On a pre-dawn morning in late October, a group of students in business attire poured onto the front lawn of McQuaid Hall to catch a bus headed to Washington, D.C. I went as a student and a chaperone for Catherine Ruby, Director of Internships and Career Development, and Kyle Younger, Director of Professional Services, both of whom spent weeks facilitating the trip. Though the bus was quiet for the majority of the five-hour drive, when the sun came out and we arrived in the capital, all eyes were bright and excited.
By mid-morning, our group was escorted into the Rayburn House Building on Capitol Hill. The hallways were a blend of marble and wood, tapestries and statues. We met with John Jones, an alumnus of the School of Diplomacy and the current Chief of Staff for Congressman Emanuel Cleaver II. He discussed his dynamic career in politics and policy, recounting his time assisting on campaign trails and canvassing support for crucial social and political movements. His resounding words of advice stuck with all of us: never pass up an opportunity to do something outside of your comfort zone. Careers, especially out of college, are not necessarily linear, and students should prepare to expect the unexpected. Mr. Younger also had a few words to say regarding Mr. Jones advice: "John Jones provided our students with an example of how a lot of career planning involves turning unplanned events into opportunities to build a satisfying professional life. His presentation demonstrated the importance of remaining open to career possibilities." While preparing to walk to our next destination, Mr. Jones stayed behind to answer students’ questions and make further recommendations.
By 11:30, we were through the doors of the Woodrow Wilson International Center for Scholars. Our hosts, Krishna Aniel, Education Program Specialist, and Elinor Hayes introduced us to the mission of the institute -- to foster nonpartisan research on global issues - and provided information on internship programs. Students were encouraged to apply for internships. Interns have the opportunity to work with a specific Wilson scholar as a research assistant, paving the way for excellent networking opportunities and meaningful contributions to the abundance of research released by the institute. In addition, Dr. James Person, a Wilson Scholar, gave a lecture regarding North Korea's nuclear conflict. Folders and applications in hand, we moved on.
The World Bank glistened in the mid-afternoon sun. The sleek metallic interior, tall ceilings and line of member flags gave the building a formal atmosphere. After navigating through elevators and grand hallways, we gathered in a conference room with Roberto Amorosino, Senior HR Specialist at the World Bank Group. His presentation provided an overview of the Bank's mission to reduce poverty as well as the highly competitive internship programs. However, his larger point reminded students of John Jones on Capitol Hill as he claimed the best way to beat the competition is to seek opportunities in networking and research alike. To be passionate is to be involved and current in your field of interest, and the best way to showcase passion today is social media.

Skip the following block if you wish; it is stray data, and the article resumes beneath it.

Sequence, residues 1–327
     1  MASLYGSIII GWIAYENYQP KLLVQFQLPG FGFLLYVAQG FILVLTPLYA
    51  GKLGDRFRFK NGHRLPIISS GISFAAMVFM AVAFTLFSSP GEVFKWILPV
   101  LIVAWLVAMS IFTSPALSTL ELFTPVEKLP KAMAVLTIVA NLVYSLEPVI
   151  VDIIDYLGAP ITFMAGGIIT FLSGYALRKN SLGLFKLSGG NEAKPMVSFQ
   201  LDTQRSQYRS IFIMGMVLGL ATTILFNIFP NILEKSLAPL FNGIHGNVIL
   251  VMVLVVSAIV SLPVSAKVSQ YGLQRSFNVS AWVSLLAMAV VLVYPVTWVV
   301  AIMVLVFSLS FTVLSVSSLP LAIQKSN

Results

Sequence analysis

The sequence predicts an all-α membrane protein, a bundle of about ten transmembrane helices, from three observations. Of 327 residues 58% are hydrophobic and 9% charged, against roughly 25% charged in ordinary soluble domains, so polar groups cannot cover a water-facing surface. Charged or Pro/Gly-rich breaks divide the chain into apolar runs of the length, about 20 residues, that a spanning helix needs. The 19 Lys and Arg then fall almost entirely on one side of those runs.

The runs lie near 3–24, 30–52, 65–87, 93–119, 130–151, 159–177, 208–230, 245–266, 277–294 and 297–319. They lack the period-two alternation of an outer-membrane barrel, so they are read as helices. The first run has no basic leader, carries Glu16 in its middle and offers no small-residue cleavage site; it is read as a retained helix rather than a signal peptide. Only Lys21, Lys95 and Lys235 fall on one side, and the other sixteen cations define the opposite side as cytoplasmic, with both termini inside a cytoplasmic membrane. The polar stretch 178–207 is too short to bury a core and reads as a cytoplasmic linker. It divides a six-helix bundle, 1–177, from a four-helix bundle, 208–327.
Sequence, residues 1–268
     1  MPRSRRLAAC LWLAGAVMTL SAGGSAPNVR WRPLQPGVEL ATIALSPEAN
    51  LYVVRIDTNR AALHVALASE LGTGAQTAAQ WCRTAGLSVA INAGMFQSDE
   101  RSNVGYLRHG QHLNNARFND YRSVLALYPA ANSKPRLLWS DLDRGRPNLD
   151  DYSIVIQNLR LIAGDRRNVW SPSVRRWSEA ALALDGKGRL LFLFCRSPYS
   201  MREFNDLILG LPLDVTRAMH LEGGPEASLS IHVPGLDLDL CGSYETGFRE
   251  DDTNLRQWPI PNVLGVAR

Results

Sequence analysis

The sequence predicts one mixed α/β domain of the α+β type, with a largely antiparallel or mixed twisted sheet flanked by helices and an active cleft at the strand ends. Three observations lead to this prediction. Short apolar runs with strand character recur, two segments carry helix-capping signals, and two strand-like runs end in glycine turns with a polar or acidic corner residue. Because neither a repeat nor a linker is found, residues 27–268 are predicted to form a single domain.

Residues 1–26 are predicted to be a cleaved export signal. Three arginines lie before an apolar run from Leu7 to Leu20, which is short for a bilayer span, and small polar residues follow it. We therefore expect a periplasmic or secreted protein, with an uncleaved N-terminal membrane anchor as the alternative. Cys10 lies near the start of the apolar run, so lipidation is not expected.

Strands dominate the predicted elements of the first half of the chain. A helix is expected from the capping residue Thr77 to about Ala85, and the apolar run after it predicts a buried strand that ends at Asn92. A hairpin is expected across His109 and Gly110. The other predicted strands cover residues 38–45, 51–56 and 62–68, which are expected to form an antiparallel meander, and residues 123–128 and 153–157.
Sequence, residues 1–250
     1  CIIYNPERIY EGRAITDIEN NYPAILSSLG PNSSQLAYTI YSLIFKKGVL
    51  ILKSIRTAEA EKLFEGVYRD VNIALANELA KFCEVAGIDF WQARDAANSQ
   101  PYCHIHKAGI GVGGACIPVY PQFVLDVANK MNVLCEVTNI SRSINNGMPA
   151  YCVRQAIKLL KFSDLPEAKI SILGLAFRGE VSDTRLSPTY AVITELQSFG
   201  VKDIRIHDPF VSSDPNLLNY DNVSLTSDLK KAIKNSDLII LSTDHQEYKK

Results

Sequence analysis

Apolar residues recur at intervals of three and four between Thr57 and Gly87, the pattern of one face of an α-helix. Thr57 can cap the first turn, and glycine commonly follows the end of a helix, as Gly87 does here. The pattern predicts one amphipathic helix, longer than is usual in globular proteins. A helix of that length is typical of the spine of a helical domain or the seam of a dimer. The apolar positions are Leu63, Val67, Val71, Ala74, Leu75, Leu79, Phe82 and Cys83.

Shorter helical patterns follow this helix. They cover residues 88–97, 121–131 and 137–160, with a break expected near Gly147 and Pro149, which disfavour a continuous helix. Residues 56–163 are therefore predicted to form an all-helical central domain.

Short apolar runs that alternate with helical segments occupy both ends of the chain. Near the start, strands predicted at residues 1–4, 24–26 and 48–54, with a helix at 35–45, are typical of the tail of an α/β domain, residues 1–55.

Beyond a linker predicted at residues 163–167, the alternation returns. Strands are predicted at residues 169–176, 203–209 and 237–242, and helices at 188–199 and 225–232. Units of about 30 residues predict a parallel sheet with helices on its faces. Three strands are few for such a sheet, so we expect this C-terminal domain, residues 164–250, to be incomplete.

Our final stop at 4:30 p.m. was a familiar one to the School of Diplomacy: the United Nations Foundation (UNF). Every semester, students who choose the Semester in Washington Program relocate to complete a full-time internship in the capital and take classes at the UNF building. Our host was none other than Professor Catharin Dalpino, the School of Diplomacy's D.C. correspondent who teaches the classes. She informed students that living and working in the capital is a life-changing experience, and the people are diverse and well-versed in public and foreign policy alike. In addition, she claims that work and internship opportunities are indeed endless, and there is always someone, somewhere, that needs a position filled. Dr. Ruby, who registers and advises students on the D.C. program, said that the UNF visit offers students the chance to see the class site and learn about employment opportunities from a D.C. insider: "The DC internships and experience are key to careers there. The Semester in D.C. program is open to all students at SHU."
After a long day, our group boarded the bus home, retiring suit jackets and polished shoes. Tired as we were, most stayed awake to speak excitedly about the day's events. We were all in agreement that the School of Diplomacy offered an incredible trip for students to experience the capital in a professional capacity. Moreover, the speakers' reinforcement of networking as a key component of entering the workforce reminded us that our program is unique because the school's focus on professional development is just as impressive as the classes offered for the International Relations degree. To be part of the School of Diplomacy is to be part of a tight-knit and encouraging community with diverse opportunities to grow, and attending the Day in D.C. was an excellent opportunity indeed!
Categories: Nation and World